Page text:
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ROTARY YOUTH EXCHANGE. TRACK 1 For Those New to Program. Overview 3 Rotary Club Involvement 13 Rotary District Involvement 20 Long Term Outbound Program 25 Long Term Inbound Program 46 Short Term Exchange 72 Budgets 78 VISA Process 83

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ROTARY YOUTH EXCHANGE

TRACK 1

For Those New to Program


Table of contents l.jpg

Overview 3

Rotary Club Involvement 13

Rotary District Involvement 20

Long Term Outbound Program 25

Long Term Inbound Program 46

Short Term Exchange 72

Budgets 78

VISA Process 83

Administrative Matters (SEVIS, CSIET, …) 89

Initiating Exchanges with countries 95

Certification 102

How to Access Presentation on Web 103

References 104

Table of Contents


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ROTARY YOUTH EXCHANGE

An Opportunity of a Lifetime


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What Is Rotary!

  • International service organization

  • Overall Goal – making community, world a better place

  • One major goal – Polio Plus

    • $240 million and counting has been raised to immunize children of the world

  • Key program – Rotary Youth Exchange

    • Providing ambassadors through our youth


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Youth Exchange Program Summary

  • Two Programs

    • Short Term Program

    • Long Term Program

  • Opportunity to experience new culture

  • Opportunity to be the ambassador

  • Opportunity to make friends for a lifetime


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Short Term Program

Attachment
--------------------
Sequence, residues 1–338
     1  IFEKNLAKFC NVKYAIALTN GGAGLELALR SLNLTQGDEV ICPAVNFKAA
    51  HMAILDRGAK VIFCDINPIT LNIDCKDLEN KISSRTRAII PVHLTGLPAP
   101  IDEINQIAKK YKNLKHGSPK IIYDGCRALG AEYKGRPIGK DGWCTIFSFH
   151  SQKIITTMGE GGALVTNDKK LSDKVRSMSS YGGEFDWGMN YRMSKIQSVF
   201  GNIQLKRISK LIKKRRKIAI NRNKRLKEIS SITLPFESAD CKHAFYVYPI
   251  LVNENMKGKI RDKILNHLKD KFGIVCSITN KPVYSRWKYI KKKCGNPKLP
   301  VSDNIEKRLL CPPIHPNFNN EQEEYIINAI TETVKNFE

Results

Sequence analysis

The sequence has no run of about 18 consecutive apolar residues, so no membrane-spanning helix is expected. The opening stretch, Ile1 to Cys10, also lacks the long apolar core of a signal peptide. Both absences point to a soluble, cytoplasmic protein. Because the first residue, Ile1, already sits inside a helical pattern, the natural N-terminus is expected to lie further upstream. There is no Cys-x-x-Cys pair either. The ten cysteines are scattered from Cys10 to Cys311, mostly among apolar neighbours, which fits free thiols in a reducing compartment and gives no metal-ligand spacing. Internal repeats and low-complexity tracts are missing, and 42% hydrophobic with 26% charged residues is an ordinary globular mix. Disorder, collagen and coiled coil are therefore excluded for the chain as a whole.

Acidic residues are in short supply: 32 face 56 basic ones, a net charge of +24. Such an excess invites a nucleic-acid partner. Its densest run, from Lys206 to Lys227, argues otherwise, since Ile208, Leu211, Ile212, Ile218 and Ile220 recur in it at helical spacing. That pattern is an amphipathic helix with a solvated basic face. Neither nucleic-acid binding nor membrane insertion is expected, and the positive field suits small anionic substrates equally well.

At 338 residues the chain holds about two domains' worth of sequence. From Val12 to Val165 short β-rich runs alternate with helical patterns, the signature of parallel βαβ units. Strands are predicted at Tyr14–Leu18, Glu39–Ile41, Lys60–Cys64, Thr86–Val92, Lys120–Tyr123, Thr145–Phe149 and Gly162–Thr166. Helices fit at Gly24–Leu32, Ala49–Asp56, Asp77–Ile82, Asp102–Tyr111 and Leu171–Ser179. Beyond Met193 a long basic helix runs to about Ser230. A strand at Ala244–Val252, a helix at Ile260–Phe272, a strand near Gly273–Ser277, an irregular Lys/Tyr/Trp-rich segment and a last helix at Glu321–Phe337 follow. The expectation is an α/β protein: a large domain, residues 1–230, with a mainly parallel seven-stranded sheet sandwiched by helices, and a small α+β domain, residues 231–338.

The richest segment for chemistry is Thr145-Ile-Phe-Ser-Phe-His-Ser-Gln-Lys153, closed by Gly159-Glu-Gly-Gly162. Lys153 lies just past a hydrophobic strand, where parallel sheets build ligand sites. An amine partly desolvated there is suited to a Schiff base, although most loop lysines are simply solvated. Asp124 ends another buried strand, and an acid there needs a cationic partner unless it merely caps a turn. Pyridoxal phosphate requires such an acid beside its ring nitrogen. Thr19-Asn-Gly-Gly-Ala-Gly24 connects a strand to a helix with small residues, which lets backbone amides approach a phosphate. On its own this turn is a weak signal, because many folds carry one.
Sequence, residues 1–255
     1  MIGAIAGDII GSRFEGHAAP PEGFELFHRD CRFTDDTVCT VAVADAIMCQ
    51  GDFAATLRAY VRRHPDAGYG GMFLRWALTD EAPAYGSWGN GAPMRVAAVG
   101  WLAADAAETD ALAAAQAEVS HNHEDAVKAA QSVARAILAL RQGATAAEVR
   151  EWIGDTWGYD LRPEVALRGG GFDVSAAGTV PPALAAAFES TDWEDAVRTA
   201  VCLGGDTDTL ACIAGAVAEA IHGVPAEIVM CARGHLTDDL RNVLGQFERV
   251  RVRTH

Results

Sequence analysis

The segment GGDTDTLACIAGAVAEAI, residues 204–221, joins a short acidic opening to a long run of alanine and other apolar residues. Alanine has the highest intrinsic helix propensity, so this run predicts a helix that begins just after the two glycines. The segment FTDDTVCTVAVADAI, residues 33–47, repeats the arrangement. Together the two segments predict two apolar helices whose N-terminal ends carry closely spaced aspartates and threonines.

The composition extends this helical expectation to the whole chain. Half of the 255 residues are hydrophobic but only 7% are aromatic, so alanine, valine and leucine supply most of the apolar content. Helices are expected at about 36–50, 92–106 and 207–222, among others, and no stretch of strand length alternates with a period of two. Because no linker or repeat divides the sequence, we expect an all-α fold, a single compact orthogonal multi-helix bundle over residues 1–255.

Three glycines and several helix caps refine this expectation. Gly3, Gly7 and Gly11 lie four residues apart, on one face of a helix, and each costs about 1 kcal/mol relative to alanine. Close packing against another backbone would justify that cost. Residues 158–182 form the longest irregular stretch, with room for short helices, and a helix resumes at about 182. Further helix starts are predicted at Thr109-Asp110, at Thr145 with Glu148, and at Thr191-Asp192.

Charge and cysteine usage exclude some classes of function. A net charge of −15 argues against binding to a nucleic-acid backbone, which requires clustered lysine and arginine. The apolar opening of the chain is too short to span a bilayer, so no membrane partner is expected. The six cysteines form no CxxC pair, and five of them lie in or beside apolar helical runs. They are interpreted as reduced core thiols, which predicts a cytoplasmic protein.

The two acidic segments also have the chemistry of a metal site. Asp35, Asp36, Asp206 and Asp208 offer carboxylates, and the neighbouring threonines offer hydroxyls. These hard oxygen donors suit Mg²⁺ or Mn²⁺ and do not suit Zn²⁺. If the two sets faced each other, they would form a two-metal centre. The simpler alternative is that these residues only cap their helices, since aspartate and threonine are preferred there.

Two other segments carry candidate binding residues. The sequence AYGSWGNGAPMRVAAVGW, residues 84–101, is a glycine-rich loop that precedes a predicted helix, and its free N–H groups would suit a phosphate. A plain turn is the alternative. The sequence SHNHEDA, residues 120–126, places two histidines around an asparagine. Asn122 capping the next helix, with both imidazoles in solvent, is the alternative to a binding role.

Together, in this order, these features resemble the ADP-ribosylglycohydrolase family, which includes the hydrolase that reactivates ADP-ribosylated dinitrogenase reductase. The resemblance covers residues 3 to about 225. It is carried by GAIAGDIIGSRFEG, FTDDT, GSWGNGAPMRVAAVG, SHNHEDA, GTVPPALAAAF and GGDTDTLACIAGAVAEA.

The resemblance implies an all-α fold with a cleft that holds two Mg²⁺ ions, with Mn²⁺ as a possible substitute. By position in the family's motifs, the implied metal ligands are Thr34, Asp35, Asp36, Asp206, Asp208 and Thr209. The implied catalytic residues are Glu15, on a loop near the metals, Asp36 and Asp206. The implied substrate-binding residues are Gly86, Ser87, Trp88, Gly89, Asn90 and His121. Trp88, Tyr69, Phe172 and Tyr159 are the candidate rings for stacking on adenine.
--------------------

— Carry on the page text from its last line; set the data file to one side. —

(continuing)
• One on One exchange with another student

  • Hosted by exchange student’s family

  • Normally three to four weeks in each country


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Long Term Program

  • For one school year

  • Total immersion in the culture

    • Will become fluent in the language

  • Hosted by 3 families (on the average)

  • Supported by Rotary club and Rotary counselor


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Characteristics of RYE

  • Careful interviews

  • Thorough orientations

  • Local support group (Rotary club)

  • Activities provided by Rotary

  • Low cost

WHY ROTARY YOUTH EXCHANGE IS #1 !


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Qualifications of Rotary Exchange Student

  • Good student (upper half of class)

  • Willingness to adapt to new situations

  • Initiative to get involved in activities

  • Willingness to speak to groups

  • Attitude for giving to others

THE TRAITS FOR BEING AN AMBASSADOR


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Short Term -- $1800

Air fare

Insurance